VANCOUVER -- Maxwell Johnson says he was just trying to open a bank account for his granddaughter at the bank where he's been a customer for five years.

Instead, the Indigenous man from Bella Bella, B.C., ended up in handcuffs last month outside a downtown Vancouver branch of the Bank of Montreal– and so did 12-year-old Tori.

"It was hard to see my granddaughter. She was crying and you could see how scared she was," Johnson told CTV News Vancouver in an interview Monday. "It was pretty traumatizing."

The financial institution has since admitted it made a mistake, but Johnson said the apology came weeks too late.

"I don't think it's very genuine," he said.

The incident happened Dec. 20, when Johnson went to the bank with his granddaughter.

He said the employee they were dealing with was having trouble verifying numbers on Johnson's ID.

He said he and Tori were told to go upstairs and wait. After a while, he said, his granddaughter noticed police officers coming inside.

"She said, 'What if those guys are for us, Papa?' and I kind of laughed. I said, 'I don't think so.' And then sure enough, they came over and grabbed me and Tori, took us outside, turned us around and handcuffed us," Johnson said.

At first, there was no explanation, but Johnson later learned someone at the bank had reported a suspected fraud.

In a statement last week, BMO Financial Group's Chief Executive Officer Darryl White said that call never should have happened.

"I — and our entire organization — unreservedly apologize for what happened. We simply should not have called the police, regardless of the circumstances," White said. "An Indigenous customer was not treated with the respect or trust that BMO customers deserve."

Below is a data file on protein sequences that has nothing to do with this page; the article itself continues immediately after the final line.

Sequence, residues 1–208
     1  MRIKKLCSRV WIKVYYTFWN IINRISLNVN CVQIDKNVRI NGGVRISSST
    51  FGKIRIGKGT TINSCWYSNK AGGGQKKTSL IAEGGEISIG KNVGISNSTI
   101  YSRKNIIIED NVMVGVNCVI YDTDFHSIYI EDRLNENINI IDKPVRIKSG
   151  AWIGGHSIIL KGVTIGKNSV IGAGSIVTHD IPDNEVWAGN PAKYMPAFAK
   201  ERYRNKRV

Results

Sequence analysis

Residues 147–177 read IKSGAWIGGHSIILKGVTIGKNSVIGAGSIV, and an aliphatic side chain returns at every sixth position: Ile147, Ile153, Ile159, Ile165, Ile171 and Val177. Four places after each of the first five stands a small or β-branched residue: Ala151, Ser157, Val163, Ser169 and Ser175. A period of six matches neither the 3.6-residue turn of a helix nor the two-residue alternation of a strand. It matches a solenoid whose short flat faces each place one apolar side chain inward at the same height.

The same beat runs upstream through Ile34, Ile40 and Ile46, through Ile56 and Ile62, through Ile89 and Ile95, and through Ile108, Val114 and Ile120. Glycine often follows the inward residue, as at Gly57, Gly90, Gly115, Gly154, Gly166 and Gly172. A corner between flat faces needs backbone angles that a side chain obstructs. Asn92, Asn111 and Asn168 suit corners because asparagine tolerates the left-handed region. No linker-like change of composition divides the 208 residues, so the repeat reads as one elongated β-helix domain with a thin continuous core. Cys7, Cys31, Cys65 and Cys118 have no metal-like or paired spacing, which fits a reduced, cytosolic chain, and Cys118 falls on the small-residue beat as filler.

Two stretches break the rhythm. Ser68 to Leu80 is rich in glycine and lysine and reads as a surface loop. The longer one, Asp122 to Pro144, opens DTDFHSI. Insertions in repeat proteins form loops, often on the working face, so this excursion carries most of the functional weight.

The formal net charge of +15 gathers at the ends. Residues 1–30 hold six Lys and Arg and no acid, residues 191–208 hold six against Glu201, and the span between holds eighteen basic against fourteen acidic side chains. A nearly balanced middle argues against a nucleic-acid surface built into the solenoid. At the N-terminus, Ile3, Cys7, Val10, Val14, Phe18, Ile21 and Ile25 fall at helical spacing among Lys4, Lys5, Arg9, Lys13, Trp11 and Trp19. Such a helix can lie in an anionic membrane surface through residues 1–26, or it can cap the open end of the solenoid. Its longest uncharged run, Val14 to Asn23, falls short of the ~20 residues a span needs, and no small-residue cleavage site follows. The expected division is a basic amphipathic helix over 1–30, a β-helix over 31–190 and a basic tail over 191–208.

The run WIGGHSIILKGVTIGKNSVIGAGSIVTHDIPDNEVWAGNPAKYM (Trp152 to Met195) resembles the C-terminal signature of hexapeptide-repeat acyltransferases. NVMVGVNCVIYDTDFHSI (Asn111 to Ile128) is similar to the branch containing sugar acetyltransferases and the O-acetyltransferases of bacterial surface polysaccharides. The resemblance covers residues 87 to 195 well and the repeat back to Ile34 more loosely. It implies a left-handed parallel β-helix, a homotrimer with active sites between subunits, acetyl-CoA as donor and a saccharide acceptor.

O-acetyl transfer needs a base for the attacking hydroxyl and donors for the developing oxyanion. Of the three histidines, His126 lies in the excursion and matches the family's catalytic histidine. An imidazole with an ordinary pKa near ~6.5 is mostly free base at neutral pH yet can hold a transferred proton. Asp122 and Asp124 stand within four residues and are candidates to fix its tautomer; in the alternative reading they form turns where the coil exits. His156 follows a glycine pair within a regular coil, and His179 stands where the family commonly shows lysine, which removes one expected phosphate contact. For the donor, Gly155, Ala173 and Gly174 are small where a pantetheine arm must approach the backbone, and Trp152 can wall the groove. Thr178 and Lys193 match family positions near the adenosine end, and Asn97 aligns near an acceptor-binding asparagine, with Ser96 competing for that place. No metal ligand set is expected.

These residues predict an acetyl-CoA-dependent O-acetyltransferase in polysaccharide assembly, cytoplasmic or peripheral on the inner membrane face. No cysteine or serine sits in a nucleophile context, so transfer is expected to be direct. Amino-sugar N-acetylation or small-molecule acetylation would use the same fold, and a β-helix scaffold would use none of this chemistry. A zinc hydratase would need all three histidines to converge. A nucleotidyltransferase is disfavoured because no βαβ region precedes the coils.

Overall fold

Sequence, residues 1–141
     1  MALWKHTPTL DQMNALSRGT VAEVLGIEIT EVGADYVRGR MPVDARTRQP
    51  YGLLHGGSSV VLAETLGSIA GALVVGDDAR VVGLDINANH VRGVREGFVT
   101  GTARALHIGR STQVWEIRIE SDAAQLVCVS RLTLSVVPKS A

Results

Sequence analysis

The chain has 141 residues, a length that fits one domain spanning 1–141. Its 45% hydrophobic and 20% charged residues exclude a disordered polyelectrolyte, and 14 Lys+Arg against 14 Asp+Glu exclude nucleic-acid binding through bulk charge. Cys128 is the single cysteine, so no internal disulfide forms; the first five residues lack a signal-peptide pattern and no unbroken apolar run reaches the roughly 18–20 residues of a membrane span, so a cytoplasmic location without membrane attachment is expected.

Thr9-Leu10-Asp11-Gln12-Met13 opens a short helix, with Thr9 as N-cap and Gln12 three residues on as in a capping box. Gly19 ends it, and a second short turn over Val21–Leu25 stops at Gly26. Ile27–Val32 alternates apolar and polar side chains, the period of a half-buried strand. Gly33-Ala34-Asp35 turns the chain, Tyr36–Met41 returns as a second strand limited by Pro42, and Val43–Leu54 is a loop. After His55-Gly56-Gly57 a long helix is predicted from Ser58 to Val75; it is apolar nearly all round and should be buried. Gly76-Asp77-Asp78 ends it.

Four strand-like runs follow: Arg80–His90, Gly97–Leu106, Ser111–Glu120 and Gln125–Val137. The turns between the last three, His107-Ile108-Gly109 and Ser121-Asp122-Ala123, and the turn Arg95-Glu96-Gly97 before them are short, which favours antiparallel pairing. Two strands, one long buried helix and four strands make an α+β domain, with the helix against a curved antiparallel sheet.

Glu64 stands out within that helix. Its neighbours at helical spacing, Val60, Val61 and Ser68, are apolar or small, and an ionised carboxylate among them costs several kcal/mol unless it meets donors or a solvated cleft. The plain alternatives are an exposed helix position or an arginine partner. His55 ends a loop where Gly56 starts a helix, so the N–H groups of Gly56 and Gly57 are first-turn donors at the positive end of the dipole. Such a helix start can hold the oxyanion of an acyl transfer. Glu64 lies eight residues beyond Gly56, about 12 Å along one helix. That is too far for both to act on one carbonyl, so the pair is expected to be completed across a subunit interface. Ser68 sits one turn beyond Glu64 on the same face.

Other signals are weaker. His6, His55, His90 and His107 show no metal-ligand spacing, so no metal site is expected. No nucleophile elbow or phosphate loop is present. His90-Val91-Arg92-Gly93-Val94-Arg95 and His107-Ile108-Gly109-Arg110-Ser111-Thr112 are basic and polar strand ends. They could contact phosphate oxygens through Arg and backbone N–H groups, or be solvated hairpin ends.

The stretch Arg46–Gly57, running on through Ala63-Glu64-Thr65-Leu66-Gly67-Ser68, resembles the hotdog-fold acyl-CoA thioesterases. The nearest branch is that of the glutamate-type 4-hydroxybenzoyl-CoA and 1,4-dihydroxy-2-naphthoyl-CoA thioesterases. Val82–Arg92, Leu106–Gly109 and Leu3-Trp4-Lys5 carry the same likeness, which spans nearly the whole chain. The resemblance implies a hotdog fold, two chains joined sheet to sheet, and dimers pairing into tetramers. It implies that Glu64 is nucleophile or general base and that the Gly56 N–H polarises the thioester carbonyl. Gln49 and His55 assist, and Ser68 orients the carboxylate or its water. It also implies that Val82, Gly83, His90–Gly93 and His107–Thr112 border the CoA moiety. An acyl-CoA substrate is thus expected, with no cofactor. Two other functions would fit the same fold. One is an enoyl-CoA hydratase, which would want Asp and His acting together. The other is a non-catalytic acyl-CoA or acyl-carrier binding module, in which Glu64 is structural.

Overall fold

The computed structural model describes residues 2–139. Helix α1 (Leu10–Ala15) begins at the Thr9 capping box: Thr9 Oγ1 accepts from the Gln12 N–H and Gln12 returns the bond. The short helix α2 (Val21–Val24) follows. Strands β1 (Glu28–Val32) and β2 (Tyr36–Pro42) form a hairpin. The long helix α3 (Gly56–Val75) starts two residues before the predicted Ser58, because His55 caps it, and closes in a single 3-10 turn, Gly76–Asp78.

The bank also announced the creation of an Indigenous Advisory Council, to "support further education and awareness, provide input on policies and practices, and build on BMO's long-term commitment to diversity and inclusion."

Chief Councillor of the Heiltsuk Tribal Council Marilyn Slett said what happened has been "devastating" for the community.

"The experience of the racial profiling is something that we've all experienced in our daily lives but this has certainly been the extreme," she said.

As for the advisory council, Slett said it seemed like it was "rushed out the door."

"You would think that it would be a great step for a bank to make, without making it under these circumstances."

Slett said Johnson is well known locally as an artist and cultural leader.

"When this happened to Max, it just really saddened everybody, and also, we rallied around him to make sure that he was supported."

Johnson said he has been receiving support from all over, and it's something he greatly appreciates.

"There's a few people that have shared similar stories about what we were going through, and like, nowadays, you wouldn't think something like this would ever happen," Johnson said. "I just hope it doesn't happen to anybody else."

The Office of the Police Complaint Commissioner ordered an investigation into the actions of the responding officers, which will be conducted by the Delta Police Department.

In a statement last week, deputy police complaint commissioner Andrea Spindler said the investigation will also look at "the legal authority to detain, arrest and use restraining devices such as handcuffs as well as any relevant questions of policy or training."